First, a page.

FAQs on Escrow

Let's look at some regularly asked questions:

What is escrow in the home buying process?

An escrow account holds money for the earnest deposit, down payment, closing costs, and mortgage funds. The escrow provider will ensure when closing on the home that this money will be correctly distributed, and this should reduce the stress on the home buyer.

How long does escrow last?

When buying or selling a home in escrow, the fees are one-off costs that are added to closing costs. When you are dealing with a mortgage escrow account, you can expect it to last for the length of the mortgage.

Do you really need to have an escrow account?

Escrow accounts offer a lot of security for buyers and sellers. Offering protection for both sides of the deal and ensuring contract commitments are met.

With mortgage escrow accounts, buyers have an easier time budgeting for these expensive annual payments. This ensures that payments aren't missed, which could lead to foreclosure.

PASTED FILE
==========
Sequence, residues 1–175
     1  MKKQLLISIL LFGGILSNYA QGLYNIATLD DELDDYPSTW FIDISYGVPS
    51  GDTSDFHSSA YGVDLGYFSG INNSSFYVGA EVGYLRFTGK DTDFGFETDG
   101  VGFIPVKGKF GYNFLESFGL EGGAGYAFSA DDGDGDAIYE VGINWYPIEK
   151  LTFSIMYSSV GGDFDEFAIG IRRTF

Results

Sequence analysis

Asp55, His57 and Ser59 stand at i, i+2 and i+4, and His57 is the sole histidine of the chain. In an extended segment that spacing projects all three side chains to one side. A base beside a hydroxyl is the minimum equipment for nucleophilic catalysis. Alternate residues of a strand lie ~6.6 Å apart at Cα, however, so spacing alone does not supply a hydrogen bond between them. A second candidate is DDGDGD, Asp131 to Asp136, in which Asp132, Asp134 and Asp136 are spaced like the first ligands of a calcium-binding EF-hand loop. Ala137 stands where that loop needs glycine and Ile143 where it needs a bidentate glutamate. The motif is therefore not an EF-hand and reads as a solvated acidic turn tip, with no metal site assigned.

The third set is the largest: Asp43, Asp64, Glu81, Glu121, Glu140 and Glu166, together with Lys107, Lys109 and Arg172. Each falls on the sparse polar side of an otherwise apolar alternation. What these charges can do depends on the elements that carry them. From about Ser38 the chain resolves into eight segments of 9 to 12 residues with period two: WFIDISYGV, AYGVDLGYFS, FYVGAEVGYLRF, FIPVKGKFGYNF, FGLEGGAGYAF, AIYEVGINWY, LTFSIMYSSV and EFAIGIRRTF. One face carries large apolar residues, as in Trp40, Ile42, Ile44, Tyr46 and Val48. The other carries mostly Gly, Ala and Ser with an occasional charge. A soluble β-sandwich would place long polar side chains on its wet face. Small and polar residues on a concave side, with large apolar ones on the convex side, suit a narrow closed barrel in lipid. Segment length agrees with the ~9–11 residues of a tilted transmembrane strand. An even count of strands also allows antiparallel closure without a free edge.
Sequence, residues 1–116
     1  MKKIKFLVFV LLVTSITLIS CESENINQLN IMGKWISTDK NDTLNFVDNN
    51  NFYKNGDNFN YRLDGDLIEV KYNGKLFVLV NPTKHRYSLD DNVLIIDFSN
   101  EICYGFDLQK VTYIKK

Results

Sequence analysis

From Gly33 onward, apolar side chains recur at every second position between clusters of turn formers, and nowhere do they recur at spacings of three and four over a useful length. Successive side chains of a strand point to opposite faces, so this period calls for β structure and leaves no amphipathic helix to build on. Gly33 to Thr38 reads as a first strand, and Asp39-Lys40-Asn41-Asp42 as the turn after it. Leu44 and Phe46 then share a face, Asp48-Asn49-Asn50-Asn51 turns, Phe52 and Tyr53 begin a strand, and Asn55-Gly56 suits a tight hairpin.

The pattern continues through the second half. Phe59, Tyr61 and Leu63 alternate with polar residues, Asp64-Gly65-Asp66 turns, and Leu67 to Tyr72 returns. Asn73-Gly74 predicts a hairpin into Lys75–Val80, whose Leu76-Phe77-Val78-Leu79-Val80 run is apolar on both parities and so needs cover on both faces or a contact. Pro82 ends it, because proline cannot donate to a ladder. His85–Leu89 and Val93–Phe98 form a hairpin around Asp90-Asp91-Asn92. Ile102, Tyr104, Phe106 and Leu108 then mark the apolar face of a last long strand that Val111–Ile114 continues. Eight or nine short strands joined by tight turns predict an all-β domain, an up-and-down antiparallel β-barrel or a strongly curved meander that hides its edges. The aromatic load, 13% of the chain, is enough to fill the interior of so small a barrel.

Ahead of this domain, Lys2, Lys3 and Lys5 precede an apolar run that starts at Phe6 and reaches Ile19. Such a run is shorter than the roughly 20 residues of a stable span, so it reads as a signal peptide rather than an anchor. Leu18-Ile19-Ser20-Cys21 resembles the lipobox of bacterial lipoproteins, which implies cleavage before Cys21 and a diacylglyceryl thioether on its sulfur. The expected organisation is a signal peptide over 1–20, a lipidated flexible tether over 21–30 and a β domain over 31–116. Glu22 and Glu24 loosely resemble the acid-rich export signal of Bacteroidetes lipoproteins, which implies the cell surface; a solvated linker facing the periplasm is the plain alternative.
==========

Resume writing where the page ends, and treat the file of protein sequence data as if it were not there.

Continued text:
Closing Thoughts

Buying a home is normally the greatest expense people ever make, and escrow offers some protection throughout the process. It is a straightforward idea that also protects the seller during the transaction, and is essential during the process.

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Bill Gassett is a thirty-two year veteran to the real estate industry. He enjoys providing helpful information to buyers, sellers and fellow real estate agents to make sound decisions. His work has been featured on RIS Media, National Association of Realtors, Inman News, Placester, RESAAS, Credit Sesame and others.